Rabin Funeral- Eulogy by President Weizman
Israel Ministry of Foreign Affairs
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 Rabin Funeral- Eulogy by President Weizman

11/6/1995

 YITZHAK RABIN: 1922-1995
 
Eulogy for the Late Prime Minister and Defense Yitzhak Rabin by President Ezer Weizman

Mt. Herzl, Jerusalem
6 November 1995


To Leah and the entire family. Yitzhak was of the 1948 generation, born in 1922. He was of the generation born under the British Mandate, which fought for our independence, aspired to build a new land, and to lay its agricultural, scientific and industrial foundations. Most of this youth joined up at a young age on behalf of the homeland, with exactly these words. Yitzhak represented the best of this youth. He joined the Palmach, and this is always said but I will repeat it because this is how I met him for the first time: on Front D during the War of Independence. He was handsome and sported an elegant pompadour. Leah is also of this generation. She is also from the Palmach. They joined together and established a home and, for his entire life, Yitzhak remained in the service of his country.

He never veered off into civilian life and private life the way some of us did. He served in the IDF proudly -- Brigade Commander, Officer Commanding, Deputy Chief of Staff, Chief of Staff. I also had the interesting and important experience of serving under him during interesting and difficult times. I will not here relate his long history of studies and development --- his subsequent pursuit of political life, diplomatic life in Washington and the life of a minister. He was among the first in our generation to become a minister.

But the last two and a half years -- from my point-of-view, and I hope for his as well -- were the years in which we spent the most time together. We got together at least twice a month if not more so, for at least one to one and a half hours of intimate, private discussions -- he and I -- on whatever was important and painful to the State of Israel. And I know that several times, maybe -- and I am perhaps making an understatement -- I hit a sore spot of his. I never heard any criticism, I never heard anything from him, and he continued to be a noble person, as he always was. But those hours that we spent together, from my perspective, were years, hours and years, sum up all of the long years [that we spent] in the IDF, and governments together. One on one, you study each other, you get to know your partner, you understand the other better than in any other situation. And I heard from him about his desire and his aspirations and his pride, that today, the State of Israel is one of the [most] economically flourishing countries in the region, and perhaps in many other parts of the world; about the fact that 60-80,000 immigrants a year were absorbed in the great aliyah, and were absorbed into industry, the civil life of the State of Israel, and the army. He was also immensely proud when the breakthrough was made to the talks with the Palestinians and peace with the Kingdom of Jordan, whose royal highness is sitting here with us today. Perhaps the fact that representatives of 80 countries -- kings, counts, heads of state, and ministers from around the world -- came here today to pay him their final respects, symbolizes what Yitzhak achieved during his life better than anything else. They came to pay him their final respects out of great appreciation for what he did, out of recognition for him, and personal acquaintance with him, for many years.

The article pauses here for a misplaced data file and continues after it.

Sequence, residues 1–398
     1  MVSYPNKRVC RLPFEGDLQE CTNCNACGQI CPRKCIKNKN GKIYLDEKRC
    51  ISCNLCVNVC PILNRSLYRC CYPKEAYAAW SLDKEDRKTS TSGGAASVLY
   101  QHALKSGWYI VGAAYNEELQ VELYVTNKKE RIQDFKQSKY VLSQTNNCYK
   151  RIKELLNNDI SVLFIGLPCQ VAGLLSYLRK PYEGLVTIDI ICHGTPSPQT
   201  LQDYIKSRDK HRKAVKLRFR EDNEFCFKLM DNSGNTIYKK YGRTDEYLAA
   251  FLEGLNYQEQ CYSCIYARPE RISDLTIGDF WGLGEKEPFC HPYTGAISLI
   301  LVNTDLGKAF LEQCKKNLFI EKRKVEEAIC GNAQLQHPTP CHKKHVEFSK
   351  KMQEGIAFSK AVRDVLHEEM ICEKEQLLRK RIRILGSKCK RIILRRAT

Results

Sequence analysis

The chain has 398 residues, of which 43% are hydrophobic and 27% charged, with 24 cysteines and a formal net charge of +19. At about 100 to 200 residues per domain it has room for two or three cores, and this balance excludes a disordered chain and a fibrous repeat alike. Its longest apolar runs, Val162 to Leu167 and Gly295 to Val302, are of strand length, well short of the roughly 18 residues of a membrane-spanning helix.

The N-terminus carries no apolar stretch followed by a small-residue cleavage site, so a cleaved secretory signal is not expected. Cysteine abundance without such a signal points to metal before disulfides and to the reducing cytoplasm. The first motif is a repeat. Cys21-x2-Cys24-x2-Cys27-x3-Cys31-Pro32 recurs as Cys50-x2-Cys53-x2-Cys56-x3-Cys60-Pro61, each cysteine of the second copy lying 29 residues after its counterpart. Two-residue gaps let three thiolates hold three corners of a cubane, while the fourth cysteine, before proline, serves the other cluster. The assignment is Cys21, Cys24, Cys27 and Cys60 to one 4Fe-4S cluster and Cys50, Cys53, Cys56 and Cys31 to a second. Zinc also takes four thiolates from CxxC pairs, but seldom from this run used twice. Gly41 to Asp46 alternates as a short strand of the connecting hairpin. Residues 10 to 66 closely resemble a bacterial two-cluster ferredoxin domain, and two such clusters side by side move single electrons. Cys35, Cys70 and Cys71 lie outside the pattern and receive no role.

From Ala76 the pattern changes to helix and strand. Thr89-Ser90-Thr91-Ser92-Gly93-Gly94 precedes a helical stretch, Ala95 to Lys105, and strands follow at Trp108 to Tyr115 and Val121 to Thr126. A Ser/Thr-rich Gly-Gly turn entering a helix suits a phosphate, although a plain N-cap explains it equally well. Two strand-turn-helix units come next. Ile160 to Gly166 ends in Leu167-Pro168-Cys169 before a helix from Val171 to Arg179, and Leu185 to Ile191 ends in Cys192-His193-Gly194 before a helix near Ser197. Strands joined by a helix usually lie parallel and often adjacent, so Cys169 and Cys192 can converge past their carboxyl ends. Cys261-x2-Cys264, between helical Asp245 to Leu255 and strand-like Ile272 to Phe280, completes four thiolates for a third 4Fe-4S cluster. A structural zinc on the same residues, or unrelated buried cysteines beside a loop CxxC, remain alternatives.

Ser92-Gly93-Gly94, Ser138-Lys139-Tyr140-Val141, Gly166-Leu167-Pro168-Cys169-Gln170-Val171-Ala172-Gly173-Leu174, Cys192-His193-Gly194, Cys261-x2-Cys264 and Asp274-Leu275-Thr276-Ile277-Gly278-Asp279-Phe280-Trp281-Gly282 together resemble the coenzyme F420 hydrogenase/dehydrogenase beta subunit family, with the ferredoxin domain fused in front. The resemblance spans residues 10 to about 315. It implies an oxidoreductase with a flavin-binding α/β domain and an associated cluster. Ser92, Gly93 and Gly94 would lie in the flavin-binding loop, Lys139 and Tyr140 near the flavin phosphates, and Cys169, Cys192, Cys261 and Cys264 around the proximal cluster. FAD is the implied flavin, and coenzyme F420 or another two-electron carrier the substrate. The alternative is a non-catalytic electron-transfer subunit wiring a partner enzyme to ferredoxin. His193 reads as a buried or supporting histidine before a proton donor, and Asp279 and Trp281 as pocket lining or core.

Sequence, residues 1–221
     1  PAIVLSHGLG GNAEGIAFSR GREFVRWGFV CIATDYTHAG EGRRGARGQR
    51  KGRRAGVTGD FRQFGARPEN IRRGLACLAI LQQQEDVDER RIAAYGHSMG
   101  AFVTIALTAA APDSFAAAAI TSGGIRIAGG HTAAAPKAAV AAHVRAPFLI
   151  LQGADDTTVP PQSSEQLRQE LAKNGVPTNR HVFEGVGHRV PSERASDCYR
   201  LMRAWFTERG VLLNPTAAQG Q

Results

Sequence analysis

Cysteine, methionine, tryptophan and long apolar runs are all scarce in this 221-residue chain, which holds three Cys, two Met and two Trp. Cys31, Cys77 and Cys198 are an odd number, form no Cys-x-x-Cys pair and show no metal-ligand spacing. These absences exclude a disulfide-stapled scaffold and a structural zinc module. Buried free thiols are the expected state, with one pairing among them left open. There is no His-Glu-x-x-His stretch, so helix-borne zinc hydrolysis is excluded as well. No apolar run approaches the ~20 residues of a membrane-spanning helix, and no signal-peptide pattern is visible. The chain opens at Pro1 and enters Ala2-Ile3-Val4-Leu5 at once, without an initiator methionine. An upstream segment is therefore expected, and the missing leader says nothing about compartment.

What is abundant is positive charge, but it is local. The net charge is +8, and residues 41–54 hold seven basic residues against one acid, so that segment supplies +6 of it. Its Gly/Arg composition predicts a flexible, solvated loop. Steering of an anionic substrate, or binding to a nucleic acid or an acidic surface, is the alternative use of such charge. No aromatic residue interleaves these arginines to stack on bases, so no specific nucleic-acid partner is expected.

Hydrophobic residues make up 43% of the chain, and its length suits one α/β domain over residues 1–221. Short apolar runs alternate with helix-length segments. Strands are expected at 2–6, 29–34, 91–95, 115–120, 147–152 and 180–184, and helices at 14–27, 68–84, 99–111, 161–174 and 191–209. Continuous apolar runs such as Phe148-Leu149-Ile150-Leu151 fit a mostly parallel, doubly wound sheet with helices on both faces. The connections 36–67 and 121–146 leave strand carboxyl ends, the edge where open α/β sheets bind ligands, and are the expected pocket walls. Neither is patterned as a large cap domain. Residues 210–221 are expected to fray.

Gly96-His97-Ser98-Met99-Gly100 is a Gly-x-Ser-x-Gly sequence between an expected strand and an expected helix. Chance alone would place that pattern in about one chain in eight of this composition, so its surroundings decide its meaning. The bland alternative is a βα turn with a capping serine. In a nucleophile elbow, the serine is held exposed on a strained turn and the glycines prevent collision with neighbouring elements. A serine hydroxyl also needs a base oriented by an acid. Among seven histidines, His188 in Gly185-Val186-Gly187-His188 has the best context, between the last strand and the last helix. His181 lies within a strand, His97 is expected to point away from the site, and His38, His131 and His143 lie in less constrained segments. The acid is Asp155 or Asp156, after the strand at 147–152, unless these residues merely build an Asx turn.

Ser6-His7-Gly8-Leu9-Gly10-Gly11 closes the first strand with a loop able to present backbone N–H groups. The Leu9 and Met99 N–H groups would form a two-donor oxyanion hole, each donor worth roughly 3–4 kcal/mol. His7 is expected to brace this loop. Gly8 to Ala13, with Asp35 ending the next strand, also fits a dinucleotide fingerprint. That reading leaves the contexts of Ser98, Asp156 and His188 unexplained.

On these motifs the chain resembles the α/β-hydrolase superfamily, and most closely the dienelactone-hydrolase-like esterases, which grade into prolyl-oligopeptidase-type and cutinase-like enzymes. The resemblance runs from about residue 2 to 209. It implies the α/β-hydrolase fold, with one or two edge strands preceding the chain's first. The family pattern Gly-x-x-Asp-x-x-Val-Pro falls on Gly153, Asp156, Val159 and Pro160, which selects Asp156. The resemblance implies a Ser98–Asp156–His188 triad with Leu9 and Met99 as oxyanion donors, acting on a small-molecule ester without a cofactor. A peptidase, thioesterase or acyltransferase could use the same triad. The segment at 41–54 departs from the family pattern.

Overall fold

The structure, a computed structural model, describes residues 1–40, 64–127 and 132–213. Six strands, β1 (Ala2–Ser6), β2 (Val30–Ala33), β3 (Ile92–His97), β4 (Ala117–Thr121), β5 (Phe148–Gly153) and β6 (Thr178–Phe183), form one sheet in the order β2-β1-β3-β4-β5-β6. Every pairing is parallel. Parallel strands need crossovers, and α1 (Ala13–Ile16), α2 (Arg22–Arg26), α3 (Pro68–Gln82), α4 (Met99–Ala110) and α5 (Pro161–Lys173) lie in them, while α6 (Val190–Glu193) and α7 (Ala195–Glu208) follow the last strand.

Sitting here are President Clinton, the prime ministers of Britain and France, the King of Jordan, President Mubarak of Egypt, the Queen of the Netherlands -- I will not elaborate on the entire, long list. They came, first and foremost, to honor Yitzhak, but I am certain that he would want to know, and that he does know, that it is also to honor the State of Israel. The State of Israel that has changed, and it has a long way to go, a State of Israel that is today greatly admired around the world; a state which today aspires more for peace than for war.

Personally, I will miss the hours in which I sat and spoke with him; I will miss the hour that we sat alone, ate some good food, drank some good drinks. And I will miss him as he will be missed by all of us. I would like only to add a verse from the Book of Genesis, the portion of Toldoth, Chapter 26: "And Yitzhak sowed in that land, and found in the same year a hundredfold; and the Lord blessed him. And the man waxed great, and grew more and more until he became very great." May his memory be a blessing for us all.

 
 
The Assassination of Yitzhak Rabin: 1922-1995
 
 
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